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Rep. Cathy McMorris Rodgers touts tax reform, Inland Northwest economic growth in speech at Greater Spokane Inc.

UPDATED: Thu., Aug. 23, 2018, 9:33 a.m.

Rep. Cathy McMorris Rodgers answers a question about the federal tax reform law during a roundtable discussion on Wednesday, Aug. 22, 2018, at Greater Spokane Inc. (Kip Hill / The Spokesman-Review)
Rep. Cathy McMorris Rodgers answers a question about the federal tax reform law during a roundtable discussion on Wednesday, Aug. 22, 2018, at Greater Spokane Inc. (Kip Hill / The Spokesman-Review)

Republican tax reform legislation is responsible for fueling economic growth in the Inland Northwest, Rep. Cathy McMorris Rodgers told a panel of business and nonprofit interests Wednesday in downtown Spokane.

“As I look at this legislation, what I’m most excited about what it has done is returning that optimism to Americans,” McMorris Rodgers said.

The congresswoman has been touting job numbers and market gains as part of her push to retain Eastern Washington’s seat in Congress. Ashley Wilson, vice president of legislative tax strategies with the U.S. Chamber of Commerce, told the gathering at Greater Spokane Inc. that it was important to retain Republicans in the upcoming midterm elections to continue what she said was positive momentum for small business owners after the bill passed.

“Please, please vote for a pro-business candidate in November,” Wilson told the gathering, made up of representatives from Spokane International Airport, the Spokane Transit Authority, the Community Foundation and other local chambers of commerce. “We need your help, and we need to keep this momentum going.”

The tax bill, which passed Congress in December without a single Democratic vote, continues to draw criticism tied to GOP promises of higher wages and job creation based on the assumption that businesses would pass on savings to their workers.

Lisa Brown, the Democratic challenger to McMorris Rodgers, has criticized claims about the average amount of increased savings and take-home pay those in the district will receive as a result of the legislation.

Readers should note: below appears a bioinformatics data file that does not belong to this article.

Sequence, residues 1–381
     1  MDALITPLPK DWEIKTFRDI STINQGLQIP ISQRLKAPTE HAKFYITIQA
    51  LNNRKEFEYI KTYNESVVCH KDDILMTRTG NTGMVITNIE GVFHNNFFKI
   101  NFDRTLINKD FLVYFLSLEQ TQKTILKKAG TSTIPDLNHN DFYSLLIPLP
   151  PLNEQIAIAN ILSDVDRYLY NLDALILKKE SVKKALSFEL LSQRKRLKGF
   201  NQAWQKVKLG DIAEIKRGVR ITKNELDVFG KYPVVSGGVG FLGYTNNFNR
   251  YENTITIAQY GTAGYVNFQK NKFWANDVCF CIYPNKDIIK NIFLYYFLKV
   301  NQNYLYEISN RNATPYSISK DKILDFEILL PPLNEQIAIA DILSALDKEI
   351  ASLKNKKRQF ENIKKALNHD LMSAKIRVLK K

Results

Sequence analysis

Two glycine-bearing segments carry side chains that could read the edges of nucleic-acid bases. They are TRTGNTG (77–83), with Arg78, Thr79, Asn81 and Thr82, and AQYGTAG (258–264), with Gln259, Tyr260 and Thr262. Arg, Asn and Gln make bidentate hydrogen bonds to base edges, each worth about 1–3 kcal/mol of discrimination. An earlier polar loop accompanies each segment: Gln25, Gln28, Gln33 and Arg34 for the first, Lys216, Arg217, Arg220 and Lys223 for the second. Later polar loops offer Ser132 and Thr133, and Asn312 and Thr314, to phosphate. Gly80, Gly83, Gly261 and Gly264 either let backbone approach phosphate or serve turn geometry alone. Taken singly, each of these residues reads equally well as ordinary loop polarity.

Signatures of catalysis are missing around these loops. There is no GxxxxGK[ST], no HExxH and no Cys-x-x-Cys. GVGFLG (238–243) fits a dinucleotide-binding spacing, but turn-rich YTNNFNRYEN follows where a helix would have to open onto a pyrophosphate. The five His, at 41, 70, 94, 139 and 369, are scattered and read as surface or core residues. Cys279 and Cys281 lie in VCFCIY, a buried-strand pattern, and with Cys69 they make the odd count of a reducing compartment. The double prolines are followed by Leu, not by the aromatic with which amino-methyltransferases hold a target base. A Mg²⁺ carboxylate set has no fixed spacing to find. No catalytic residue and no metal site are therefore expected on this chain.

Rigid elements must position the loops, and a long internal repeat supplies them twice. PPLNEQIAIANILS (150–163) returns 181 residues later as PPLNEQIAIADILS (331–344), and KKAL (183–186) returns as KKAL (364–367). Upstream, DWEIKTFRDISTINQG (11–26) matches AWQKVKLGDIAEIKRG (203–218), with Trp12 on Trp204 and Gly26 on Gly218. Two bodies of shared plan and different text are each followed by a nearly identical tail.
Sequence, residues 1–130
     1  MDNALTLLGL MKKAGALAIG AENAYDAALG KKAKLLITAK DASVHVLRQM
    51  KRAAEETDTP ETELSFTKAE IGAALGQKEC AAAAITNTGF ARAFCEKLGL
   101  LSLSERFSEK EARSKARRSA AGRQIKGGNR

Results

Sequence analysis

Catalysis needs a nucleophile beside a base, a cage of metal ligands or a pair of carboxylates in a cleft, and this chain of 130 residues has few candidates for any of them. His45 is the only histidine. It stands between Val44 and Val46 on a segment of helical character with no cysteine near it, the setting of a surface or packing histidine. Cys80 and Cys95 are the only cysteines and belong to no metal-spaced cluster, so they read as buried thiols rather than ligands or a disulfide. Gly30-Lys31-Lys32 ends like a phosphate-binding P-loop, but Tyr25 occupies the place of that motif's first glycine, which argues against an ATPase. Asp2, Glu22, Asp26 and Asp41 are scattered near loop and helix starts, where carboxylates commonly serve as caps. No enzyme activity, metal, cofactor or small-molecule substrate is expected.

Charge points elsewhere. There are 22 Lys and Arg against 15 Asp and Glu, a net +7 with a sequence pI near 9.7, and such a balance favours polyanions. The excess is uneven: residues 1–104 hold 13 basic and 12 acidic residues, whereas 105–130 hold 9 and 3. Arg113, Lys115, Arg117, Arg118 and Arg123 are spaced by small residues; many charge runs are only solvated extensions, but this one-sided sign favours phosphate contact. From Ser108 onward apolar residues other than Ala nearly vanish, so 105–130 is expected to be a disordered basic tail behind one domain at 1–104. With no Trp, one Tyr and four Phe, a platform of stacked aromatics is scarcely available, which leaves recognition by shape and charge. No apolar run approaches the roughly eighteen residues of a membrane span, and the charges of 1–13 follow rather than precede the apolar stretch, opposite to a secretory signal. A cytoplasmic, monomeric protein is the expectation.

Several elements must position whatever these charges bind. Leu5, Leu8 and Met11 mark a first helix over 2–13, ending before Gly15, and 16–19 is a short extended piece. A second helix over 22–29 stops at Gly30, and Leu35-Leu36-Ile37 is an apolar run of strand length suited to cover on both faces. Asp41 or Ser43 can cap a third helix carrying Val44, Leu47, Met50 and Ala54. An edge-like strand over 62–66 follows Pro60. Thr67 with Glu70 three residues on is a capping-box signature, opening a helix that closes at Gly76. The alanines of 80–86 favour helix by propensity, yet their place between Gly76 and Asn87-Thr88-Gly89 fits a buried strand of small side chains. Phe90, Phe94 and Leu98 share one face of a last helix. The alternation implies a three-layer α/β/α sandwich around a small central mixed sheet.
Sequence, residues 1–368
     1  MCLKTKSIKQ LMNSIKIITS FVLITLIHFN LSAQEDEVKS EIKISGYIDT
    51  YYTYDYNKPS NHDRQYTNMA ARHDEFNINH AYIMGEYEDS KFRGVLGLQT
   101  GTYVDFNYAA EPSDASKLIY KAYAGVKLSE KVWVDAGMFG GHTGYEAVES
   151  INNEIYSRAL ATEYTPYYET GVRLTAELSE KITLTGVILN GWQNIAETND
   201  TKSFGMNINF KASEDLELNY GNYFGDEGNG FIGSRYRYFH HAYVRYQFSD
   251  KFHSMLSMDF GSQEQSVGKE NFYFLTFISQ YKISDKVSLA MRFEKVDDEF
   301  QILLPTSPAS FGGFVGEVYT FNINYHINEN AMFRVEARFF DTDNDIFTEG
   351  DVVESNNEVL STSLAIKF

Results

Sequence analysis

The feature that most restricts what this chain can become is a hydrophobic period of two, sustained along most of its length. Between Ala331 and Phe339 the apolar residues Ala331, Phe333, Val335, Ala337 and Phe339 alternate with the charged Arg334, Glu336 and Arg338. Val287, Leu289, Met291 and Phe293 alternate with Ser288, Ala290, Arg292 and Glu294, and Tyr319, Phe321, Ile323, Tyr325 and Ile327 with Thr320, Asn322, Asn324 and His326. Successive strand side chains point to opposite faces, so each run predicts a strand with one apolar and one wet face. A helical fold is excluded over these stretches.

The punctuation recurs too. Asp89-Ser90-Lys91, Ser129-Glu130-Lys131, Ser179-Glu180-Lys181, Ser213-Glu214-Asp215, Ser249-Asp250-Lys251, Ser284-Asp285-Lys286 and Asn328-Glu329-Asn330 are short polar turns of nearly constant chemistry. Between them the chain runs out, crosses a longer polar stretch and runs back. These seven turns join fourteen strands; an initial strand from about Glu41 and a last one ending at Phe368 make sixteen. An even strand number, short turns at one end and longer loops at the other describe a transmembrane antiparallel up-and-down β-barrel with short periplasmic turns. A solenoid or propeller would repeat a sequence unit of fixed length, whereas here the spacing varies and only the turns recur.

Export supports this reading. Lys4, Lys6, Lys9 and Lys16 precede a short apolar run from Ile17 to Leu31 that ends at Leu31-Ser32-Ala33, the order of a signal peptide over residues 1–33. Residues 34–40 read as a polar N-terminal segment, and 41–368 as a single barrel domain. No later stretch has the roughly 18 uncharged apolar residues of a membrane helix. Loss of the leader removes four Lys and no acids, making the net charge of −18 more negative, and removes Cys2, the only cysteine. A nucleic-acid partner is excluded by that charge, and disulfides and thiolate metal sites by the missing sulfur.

The fact-checking group Politifact has rated claims about how much the average person and family will pocket as a result of the legislation “half true.” The group noted that such calculations – including a Twitter claim by McMorris Rodgers that the average taxpayer would bring home more than $17,000 in additional pay over the next decade – are based on presumed growth in the economy that may not pan out, and don’t factor in households that had previously depended on certain tax deductions eliminated as part of the bill. Those were replaced with a doubling of the standard deduction a household can claim.

A Bureau of Labor Statistics report issued earlier this month found that average hourly and weekly wages remained mostly flat from July 2017 to last month, when factoring in the rising cost of living. Average weekly wages increased from $350 last year to $351 this year, rebutting a popularly reproduced graph showing a decline in wages after the tax reforms based on unofficial data not confirmed by the U.S. government.

The seasonally adjusted unemployment rate was 3.9 percent nationwide in July, its second-lowest monthly total in the past decade behind May’s 3.8 percent. Local unemployment numbers mirror the nationwide trend downward, with unemployment in Spokane County sitting at 4.9 percent last month, its lowest in more than a decade.

Monthly increases in the number of available jobs since the tax reform bill was passed, however, have been mostly on par with strong totals that existed before President Donald Trump signed the GOP plan into law. The American economy added 862,000 jobs during the first five months of 2017, continuing a trend of nearly eight years of job growth begun in 2010 under President Barack Obama. In the first five months of 2018, the economy added 969,000 jobs.

McMorris Rodgers has pointed to swelling confidence among small business owners, as measured by a Gallup poll, increasing amounts of personal household savings and stories of individual firms reinvesting their savings into workers and the community as evidence the reform bill has improved conditions in Eastern Washington. She also said the tax bill, which lowered the corporate tax rate, would spur the creation of jobs and products that can help the United States compete internationally.

“America is the land of innovation,” the congresswoman said. “Right now, we’re in this little dispute with China. But we’re the innovators, right? This is the country where we innovate. China goes and copies our stuff.”

McMorris Rodgers, who will hold a town hall in downtown Spokane on Thursday evening, later Wednesday appeared with the group Job Creators Network, a nonprofit advocating on behalf of business interests. The organization has launched a nationwide bus tour that is intended to highlight the benefits of the tax bill for small businesses.

Editor’s note: This story was updated Thursday, Aug. 23, 2018, to clarify that a national bus tour touting benefits of the tax bill for small businesses was separate from an appearance at Greater Spokane, Inc.


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